“But… I don’t know how… to do it.”

“To do what?” Harry was glad the light was low in the room as he went red.

“To be a father. I… I don’t remember my dad… and the Dursley’s were never much of an example… and on top of that, I don’t know a thing about babies.”

“I’ll help you. We all will.”

“But… I need to complete my seventh year, and after that, I’ll have to get a place of my own. Move out of the Burrow.” Ginny gently cupped her hand underneath his chin and pulled his face round, looking him in the eye.

“That doesn’t mean we can’t help. Besides, you only have to worry about it every other weekend… you’ll pick it up anyway… and… when I leave Hogwarts… I’ll be around to help you all the time.”

“You will?” Harry asked, his eyes lighting up in excitement.

“Course I will — I’m you girlfriend, aren’t I?” He smiled and kissed her. They hugged for a few minutes, Harry’s head resting on hers, Ginny’s head on Harry’s chest.

“He’s an orphan now, just like me,” Harry said, closing his eyes, “but I’ll make sure he has a better life than I did.”

“I’m sure you will. Remus knew that too.”

Chapter 2: Chapter 1, With Love, Hugs and Warnings.
  [Printer Friendly Version of This Chapter]

“Hey, Teddy-bear, wake-up…” I hear Ginny’s voice say as she shakes my shoulder.

“Go away…” I mumble into my pillow, “and don’t call me Teddy-bear…” She ignores me. The dawn is creeping in through the gap in my curtains.

“C’mon, get up, or you’ll miss the train. First year at Hogwarts, remember!”

“No, I’d forgotten…” I mutter under my breath sarcastically as she leaves the room – no doubt to get breakfast ready. I know I have to get out of bed, but my eyelids are still heavy with sleep… maybe if I close them… just for a few seconds…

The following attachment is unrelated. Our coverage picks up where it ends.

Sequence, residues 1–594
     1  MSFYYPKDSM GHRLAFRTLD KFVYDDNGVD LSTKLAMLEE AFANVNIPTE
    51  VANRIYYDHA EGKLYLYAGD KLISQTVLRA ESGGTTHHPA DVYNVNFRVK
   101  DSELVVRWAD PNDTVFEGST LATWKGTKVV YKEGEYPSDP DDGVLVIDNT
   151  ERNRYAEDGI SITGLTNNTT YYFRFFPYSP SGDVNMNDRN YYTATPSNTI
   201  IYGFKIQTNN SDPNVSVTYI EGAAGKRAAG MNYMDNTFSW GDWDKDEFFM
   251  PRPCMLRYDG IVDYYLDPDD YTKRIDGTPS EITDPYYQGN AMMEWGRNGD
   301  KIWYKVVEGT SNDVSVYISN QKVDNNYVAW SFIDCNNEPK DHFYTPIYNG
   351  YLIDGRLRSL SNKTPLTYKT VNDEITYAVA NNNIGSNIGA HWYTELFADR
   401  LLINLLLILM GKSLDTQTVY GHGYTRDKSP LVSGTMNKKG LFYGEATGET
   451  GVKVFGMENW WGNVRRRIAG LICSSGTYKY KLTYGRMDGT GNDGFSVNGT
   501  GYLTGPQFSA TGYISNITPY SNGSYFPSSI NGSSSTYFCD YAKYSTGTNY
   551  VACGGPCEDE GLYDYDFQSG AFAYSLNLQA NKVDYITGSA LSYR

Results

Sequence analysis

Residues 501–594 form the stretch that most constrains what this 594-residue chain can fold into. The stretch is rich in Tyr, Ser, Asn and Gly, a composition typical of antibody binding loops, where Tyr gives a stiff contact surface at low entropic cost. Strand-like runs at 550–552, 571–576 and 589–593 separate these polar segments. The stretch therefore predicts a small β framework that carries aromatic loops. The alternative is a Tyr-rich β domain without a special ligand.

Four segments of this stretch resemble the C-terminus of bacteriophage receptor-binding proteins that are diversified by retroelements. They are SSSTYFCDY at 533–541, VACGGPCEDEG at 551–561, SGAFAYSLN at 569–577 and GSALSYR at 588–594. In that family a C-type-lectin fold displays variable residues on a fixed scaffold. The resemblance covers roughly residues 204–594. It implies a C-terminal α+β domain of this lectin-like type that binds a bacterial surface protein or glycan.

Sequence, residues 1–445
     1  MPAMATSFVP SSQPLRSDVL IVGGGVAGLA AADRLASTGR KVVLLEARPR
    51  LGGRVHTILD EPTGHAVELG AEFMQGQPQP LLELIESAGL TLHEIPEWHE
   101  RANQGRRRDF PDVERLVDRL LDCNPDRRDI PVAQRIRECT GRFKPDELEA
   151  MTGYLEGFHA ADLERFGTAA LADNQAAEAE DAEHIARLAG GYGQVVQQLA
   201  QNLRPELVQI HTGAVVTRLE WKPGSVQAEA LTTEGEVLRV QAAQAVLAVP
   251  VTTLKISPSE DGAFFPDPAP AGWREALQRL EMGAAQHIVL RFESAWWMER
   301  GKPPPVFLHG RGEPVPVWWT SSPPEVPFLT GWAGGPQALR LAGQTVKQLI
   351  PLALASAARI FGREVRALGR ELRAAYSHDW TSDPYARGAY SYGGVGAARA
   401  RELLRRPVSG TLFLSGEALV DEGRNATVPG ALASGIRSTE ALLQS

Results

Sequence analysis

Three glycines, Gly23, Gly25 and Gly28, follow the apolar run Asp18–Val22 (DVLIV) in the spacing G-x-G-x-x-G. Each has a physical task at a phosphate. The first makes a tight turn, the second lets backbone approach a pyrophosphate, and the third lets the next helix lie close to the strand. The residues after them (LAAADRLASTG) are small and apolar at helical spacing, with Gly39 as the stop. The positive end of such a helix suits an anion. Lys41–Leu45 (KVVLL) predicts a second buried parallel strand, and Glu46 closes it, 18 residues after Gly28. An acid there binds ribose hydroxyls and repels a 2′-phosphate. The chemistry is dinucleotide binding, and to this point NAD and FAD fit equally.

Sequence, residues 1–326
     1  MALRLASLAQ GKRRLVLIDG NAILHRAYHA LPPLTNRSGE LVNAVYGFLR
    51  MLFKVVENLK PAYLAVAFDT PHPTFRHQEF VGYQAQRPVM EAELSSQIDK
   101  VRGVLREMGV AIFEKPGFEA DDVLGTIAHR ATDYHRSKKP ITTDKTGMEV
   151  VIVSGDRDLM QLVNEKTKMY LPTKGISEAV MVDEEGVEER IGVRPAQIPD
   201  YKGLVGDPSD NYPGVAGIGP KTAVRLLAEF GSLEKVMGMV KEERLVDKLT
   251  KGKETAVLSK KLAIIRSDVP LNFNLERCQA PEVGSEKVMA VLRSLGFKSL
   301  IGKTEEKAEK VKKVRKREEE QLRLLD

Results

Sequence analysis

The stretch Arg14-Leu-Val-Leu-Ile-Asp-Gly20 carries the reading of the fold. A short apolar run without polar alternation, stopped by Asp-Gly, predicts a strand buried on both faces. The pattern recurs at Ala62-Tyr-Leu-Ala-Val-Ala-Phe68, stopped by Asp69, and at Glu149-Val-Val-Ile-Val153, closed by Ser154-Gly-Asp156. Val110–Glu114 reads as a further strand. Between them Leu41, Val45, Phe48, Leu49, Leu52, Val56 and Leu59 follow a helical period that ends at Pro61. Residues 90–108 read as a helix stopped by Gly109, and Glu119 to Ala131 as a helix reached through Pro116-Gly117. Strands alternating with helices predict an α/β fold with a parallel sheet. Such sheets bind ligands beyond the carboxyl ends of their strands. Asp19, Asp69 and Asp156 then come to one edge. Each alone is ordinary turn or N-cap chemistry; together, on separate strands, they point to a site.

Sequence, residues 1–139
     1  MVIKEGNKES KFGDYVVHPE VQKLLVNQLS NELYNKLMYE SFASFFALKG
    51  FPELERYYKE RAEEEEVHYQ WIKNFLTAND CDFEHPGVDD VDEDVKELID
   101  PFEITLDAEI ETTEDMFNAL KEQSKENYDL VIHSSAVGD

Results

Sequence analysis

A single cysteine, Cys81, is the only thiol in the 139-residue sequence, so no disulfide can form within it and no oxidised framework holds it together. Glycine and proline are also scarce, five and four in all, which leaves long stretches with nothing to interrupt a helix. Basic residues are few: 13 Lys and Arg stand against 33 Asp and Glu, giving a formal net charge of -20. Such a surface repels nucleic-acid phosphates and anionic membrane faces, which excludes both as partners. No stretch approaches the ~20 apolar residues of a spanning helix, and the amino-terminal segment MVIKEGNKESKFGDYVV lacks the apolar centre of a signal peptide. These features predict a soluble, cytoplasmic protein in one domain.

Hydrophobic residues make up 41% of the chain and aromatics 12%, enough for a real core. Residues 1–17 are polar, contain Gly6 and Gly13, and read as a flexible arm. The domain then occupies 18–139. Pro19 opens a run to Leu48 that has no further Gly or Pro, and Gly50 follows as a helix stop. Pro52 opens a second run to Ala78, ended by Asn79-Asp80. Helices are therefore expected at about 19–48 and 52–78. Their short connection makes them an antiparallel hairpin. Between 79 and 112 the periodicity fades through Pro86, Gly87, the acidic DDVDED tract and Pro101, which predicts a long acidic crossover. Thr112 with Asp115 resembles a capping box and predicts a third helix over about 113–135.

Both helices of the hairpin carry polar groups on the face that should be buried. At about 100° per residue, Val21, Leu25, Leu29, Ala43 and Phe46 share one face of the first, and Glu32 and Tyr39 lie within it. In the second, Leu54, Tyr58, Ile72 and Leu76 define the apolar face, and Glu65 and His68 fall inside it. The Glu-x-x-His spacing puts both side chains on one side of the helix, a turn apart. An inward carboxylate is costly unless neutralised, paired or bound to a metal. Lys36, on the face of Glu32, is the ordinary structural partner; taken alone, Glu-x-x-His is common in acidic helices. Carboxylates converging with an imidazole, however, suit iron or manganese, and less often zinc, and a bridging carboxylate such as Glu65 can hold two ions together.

More time must have passed then I thought because the next moment:

“Ted Remus Lupin, get out of bed now!” I groan and stumble out of bed as I hear Ginny yell up the stairs. I lazily swing my dressing gown on and plod sleepily down the stairs, yawning widely and scratching my head. I go into the kitchen to see Harry trying to feed baby Lily, who is screaming.

“Morning, Teddy. Sleep well?” he asks cheerfully. I have no idea how that little baby can wake him up so early in the mornings and yet still be so cheerful.

“Hmm…” I shrug.

“Most informative, Teddy-bear.” He nods with a slight smile on his face.

I scowl.

“Don’t call me that, I hate being called that.” I’m lying, actually. I don’t mind being called that at all, in fact, I really like it. Harry and Ginny have been such great surrogate parents to me that I take comfort from them calling me that. However, I am eleven-years-old now, and how many eleven-year-olds do you know called Teddy-bear? Exactly.

“Oh, okay then. We’ll call you Teddy-weddy-woo-woo instead, shall we?” chips in Ginny from the stove, putting on a mock baby voice, a smirk sliding its way across her face.

“Oh, shut-up, Gin-Gin,” I tease back. Harry and Ginny just laugh.


“Now, honey, have you got all your things?” Ginny asks, fussing over me. She keeps smoothing my hair down and insisting I turn it a “normal” colour (I have it electric blue – what’s so unusual about that?), while trying to wipe imaginary dirt off my cheeks.

“Watch it, Ginny, you’ll have his head off!” says Harry between chuckles as Ginny begins to rub so hard against my cheek with a wet handkerchief, that my head is lolling from side to side. With a final hug and kiss, she waves goodbye to Harry and me as we walk outside and get into the gleaming car parked in the drive. It’s Arthur Weasley’s car, technically, but it is passed around the family a lot. It looks just the same as a Muggle one from the outside, but Arthur added some… extra features to it on the inside.